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WHEN LUCASFILM LTD. BEGAN rereleasing the Star Wars trilogy last year, fans didn't swarm just to movie theaters. About a million people immediately mobbed the films' official Web site, hosted by startup Organic Online Inc. in San Francisco. For help, Organic turned to Seattle-based InterNAP Network Services Corp., which set up a special bank of routers that it calls a "private network access point," or P-NAP, on its Seattle premises.

InterNAP then arranged for MCI Communications Corp. and other operators of high-speed Internet "backbones" to assign special priority to all traffic to and from the Star Wars site. Requests for Star Wars Web pages arriving at any of MCI's routers were sent speeding along private leased lines directly to Organic's P-NAP in Seattle. And thanks to a technique InterNAP calls "symmetrical routing," the requested Star Wars pages were zapped back along exactly the same route, instead of getting bounced among crowded public interchanges. This enabled Organic's site to handle some 5 million hits a day. It also caught the attention of Hambrecht & Quist Venture Capital, Paul Allen's Vulcan Ventures, and others. In early November, these investors pumped nearly $20 million into InterNAP. The company is now leasing lines from eight of the world's largest backbone operators. And it will soon construct P-NAPs in as many as 36 American cities.EDITED BY CATHERINE ARNST Seanna BrowderReturn to top


BRITISH SCIENTISTS HAVE discovered a way of replacing damaged brain cells that could offer hope to sufferers of neurological disorders caused by heart attacks, strokes, and Huntington's disease. Scientists at Maudsley Hospital in London found that rats that suffered brain damage from heart attacks recovered completely if they were injected with embryonic brain cells. The implanted brain cells, called neuroepithelial stem cells or NESCs, found their way to the damaged brain cells and took over their functions. The rats, which earlier had total amnesia and learning problems, were able to perform complex tasks such as negotiating a maze after the implants.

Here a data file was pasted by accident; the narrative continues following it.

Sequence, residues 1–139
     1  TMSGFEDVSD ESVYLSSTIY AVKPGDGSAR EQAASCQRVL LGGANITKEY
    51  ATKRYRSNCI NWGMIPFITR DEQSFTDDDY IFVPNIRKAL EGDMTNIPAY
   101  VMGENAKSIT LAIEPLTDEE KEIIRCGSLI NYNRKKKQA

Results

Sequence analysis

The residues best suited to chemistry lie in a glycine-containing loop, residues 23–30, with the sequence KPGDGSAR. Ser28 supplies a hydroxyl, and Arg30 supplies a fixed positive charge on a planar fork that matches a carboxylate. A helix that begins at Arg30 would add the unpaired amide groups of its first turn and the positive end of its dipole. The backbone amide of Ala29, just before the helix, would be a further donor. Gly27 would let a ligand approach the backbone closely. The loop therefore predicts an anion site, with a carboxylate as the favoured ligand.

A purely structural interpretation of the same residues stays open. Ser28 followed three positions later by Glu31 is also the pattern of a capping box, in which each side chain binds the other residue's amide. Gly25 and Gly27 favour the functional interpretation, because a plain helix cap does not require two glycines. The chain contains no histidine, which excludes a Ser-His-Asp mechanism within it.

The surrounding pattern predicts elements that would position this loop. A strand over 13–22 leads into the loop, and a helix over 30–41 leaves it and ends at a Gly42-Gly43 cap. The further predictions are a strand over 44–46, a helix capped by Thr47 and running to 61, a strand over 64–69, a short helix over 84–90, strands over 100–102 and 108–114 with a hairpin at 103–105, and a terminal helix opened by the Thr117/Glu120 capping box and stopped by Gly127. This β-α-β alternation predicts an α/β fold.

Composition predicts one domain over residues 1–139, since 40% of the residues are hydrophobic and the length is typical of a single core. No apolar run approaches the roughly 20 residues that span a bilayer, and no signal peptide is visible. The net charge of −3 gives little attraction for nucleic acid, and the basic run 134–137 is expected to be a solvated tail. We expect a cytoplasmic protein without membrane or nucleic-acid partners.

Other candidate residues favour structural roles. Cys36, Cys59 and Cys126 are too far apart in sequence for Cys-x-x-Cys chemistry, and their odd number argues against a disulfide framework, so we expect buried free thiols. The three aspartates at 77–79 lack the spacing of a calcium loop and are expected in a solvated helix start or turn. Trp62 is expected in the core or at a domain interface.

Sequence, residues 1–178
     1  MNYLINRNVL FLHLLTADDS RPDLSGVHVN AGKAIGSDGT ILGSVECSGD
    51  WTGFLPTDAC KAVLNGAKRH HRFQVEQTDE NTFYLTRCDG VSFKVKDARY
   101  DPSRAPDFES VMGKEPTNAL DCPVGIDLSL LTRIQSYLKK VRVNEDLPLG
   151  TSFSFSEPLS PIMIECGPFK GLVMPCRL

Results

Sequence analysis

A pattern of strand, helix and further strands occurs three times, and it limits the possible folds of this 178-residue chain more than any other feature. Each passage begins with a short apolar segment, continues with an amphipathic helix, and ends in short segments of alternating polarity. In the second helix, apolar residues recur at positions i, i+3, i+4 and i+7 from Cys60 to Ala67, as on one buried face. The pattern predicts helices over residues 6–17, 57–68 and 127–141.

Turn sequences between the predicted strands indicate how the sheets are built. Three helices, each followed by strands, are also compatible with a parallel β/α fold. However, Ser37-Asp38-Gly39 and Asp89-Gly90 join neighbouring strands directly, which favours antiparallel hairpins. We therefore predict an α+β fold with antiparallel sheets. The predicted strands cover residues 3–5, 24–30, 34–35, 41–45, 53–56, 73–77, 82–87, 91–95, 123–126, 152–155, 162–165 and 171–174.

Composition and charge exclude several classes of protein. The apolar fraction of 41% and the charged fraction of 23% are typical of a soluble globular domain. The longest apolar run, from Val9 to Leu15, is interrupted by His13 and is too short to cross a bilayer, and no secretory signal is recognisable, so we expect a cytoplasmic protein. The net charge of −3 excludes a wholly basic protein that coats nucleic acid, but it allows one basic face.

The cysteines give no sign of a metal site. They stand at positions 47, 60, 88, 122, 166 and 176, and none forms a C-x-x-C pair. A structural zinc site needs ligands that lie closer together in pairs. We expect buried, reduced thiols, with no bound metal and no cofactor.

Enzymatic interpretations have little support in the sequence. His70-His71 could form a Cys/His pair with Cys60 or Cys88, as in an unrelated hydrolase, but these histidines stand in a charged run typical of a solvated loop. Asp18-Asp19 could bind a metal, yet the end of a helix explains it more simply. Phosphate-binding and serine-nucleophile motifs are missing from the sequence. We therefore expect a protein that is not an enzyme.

Researchers Jeffrey Gray, Dr. John Sinden, and Dr. Helen Hodges spent 12 years developing the method, which they liken to repairing a tear in a finely woven carpet. They grew millions of fetal brain stem cells in the lab by injecting mouse brain cells with a cancer cell that switches on only at very low temperatures. The same technique should work for humans, they say, with one human fetal cell able to provide millions of NESCs. The research team says tests on humans could begin in three years and, if successful, a therapy to restore neurological functions could be available in less than a decade.EDITED BY CATHERINE ARNSTReturn to top


BY WINDING 45 MILES OF HIGH-TEMPERATURE SUPERCONDUCTOR wire around a magnetic core, American Superconductor Corp. (ASC) in Westborough, Mass., has created an energy-storage device that provides backup power for factories. Each device can hold a huge charge--3 million watts--because electricity that enters it continues to flow indefinitely through the superconducting wires, with no loss of power along the way. When the power grid has a momentary hiccup, the pent-up power is released instantly, keeping factory operations humming during brownouts of up to one second.

That may not sound like much, but the Electric Power Research Institute says 80% to 90% of all power disruptions last no more than one second. Yet such outages cost more than $12 billion in ruined products and startup costs. Before Cyanco installed ASC's first prototype system in 1993, the Nevada producer of cyanide rarely had a month without a shutdown caused by a power dip, says Production Manager Tobin D. Kueper. Such disruptions are now a dim memory, he adds.EDITED BY CATHERINE ARNST Otis PortReturn to top

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